Sunday, July 29, 2012

The time in NOW

MASSAGE PROFESSIONALS -If you agree please click LIKE and SHARE. Comments important. We need to let the LEADERS know that it is time to act.

xxxxxxxx-I want the participants in the massage therapy leadership summit to agree to a position statement about entry level education, including competencies, model curriculum and recommended clock hours and time frame. The massage community must come to agreement about the entry level baseline before anything else can be acted upon.xxxxxxxx

Summit organizations represented are Alliance for Massage Therapy Education (AFMTE); American Massage Therapy Association (AMTA); Associated Bodywork & Massage Professionals (ABMP); Commission on Massage Therapy Accreditation (COMTA); Federation of State Massage Therapy Boards (FSMTB); Massage Therapy Foundation (MTF); and National Certification Board for Therapeutic Massage and Bodywork (NCBTMB).

Sunday, July 22, 2012

Actively Involving Students in the Classroom

For some reason teachers think that they must stand up in front of the classroom and deliver information to students. Often this is the least effective method of teaching. Today in the classroom at my school- Health Enrichment Center, Lapeer Mi. the students were given the task of researching a body system. They had to include anatomy, physiology, common pathologies, and research (pubmed) if possible to support the benefits of massage on this system. The students were then given two hours to develop the presentaton which had to include the use of media, examples and demonstration. Following are some pictures of what they did, how technology what used in the classroom and what they learned. Using this process the learning outcomes involve multiple levels including: problem solving, clinical reasoning, reasearch literacy, communication skills, ability to explain and justify massage benefits and of course anatomy, physiology and pathology. I observed, commented when necessary and asked questions during each presentation. And of course took pictures. You will see that the student may not have liked the project but had fun and learned anyway.

Monday, July 9, 2012


I encourage all to read Les Sweeney’s Blog found at-  He is speaking to the Entry-Level Analysis Project (ELAP), which is collecting data to determine how many clock hours an educational  program for massage should be.  This issue and the apparently selected 500 clock hours determined years ago has been a source of wonderment for many years.  The 500 clock hour requirement has been written into many state licenses for massage.   I am always concerned when something comes out of the blue as it appeared that the ELAP project did. I have investigated and followed multiple discussions on the topic and have formed my own opinions. First, transparency and making sure the project does not have the appearance of bias or self-serving to any one organization or special interest. Because of past action the massage community is suspicious. It is necessary for anything that would influence the entire profession be as transparent as possible.  I am especially concerned that the clock hour requirement for massage education will be influenced by current mandates for eligibility for federal financial aid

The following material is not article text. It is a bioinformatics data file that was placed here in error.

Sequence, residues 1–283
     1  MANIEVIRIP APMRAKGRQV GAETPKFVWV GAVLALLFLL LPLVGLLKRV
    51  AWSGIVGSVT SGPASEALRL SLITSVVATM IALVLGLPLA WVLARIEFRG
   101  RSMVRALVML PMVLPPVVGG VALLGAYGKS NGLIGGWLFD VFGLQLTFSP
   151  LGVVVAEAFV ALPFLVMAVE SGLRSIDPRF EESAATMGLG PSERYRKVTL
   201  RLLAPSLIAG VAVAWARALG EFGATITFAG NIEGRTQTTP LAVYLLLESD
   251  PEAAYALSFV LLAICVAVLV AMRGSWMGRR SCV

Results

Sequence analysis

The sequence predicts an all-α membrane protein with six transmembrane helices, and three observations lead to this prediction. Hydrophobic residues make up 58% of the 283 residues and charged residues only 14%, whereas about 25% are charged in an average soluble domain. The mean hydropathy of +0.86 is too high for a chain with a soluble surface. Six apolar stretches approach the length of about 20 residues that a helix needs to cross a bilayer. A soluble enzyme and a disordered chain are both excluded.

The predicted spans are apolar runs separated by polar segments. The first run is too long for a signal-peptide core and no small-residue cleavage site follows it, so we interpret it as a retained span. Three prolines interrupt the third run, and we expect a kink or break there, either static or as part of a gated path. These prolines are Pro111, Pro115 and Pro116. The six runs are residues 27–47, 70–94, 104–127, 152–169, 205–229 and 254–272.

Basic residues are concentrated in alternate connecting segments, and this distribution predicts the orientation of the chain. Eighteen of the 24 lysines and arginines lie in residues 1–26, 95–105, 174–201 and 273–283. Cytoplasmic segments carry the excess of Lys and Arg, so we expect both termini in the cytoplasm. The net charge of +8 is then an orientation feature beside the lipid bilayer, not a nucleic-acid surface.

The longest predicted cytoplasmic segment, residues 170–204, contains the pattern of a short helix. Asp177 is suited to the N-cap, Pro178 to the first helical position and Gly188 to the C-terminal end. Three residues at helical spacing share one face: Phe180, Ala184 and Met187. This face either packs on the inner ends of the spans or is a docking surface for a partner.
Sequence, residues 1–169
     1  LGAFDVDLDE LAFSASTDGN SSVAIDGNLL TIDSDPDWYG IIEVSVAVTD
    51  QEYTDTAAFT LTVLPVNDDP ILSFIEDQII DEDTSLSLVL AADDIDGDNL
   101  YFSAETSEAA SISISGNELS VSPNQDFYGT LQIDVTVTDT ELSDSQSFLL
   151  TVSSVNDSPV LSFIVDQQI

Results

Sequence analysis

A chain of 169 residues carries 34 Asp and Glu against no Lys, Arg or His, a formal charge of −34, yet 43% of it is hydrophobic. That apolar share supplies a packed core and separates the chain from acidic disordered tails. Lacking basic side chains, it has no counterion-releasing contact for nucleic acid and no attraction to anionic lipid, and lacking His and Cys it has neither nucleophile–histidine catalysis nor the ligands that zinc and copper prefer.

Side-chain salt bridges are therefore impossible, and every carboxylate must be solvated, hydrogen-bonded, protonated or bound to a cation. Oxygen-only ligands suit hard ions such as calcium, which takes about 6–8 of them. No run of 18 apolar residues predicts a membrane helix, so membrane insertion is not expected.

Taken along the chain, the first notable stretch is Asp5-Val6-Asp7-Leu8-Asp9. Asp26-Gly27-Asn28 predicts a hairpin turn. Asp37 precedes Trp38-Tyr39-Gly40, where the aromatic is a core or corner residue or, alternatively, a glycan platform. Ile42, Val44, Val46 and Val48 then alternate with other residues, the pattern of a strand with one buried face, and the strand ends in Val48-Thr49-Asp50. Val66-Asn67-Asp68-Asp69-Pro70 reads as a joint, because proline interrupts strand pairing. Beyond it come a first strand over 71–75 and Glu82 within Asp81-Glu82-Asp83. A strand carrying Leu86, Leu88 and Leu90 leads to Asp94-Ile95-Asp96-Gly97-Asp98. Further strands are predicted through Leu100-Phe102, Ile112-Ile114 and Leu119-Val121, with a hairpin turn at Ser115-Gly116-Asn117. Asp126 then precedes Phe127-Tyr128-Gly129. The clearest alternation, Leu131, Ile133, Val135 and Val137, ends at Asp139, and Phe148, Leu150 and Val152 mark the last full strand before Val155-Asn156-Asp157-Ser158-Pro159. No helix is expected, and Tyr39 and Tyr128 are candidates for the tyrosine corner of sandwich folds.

There is/was also concern that similar work would not be taken into consideration, ie the MTBOK, Line by line analysis of the MTBOK by the Alliance for Massage Education, COMTA competencies, NCTMB job task analysis for example. It is important to realize that this is not an either / or situation but validity will only occur when all are considered and all is in the open. There are research methods that can be used to integrate all of the data collect from multiple sources and identify relevance and remove bias. I see the ELAP as another data collection process and in that regard I am supportive.

However, it cannot stand alone and the profession will really only benefit with everything -MTBOK, Line by Line analysis of MTBOK by the Alliance for Massage Therapy Education, Competencies, JTA’s etc, along with data from the ELAP are combined together into an Integrated, profession wide statement on entry level competencies, recommended core curriculum recommended clock hour requirement and then translated into model legislation.

So the problem is not the ELAP, or MTBOK or any of the other data so long as it is valid data. The problem is us–I am so tired of the competition when what we need is unification. There is room for everyone at the table and the Leadership Summits are a start. Now all organization need to come together and present a  unified statement  so the massage profession can move forward. Let’s not forget the importance of the Massage Research Foundation. Without evidence to support massage benefit none of the rest makes much difference.

 The current Job Task Analysis being conducted by the Federation of State Massage Boards has added content intended to collect data for the ELAP.  Everyone need to complete the survey and remember that the focus is Entry Level education.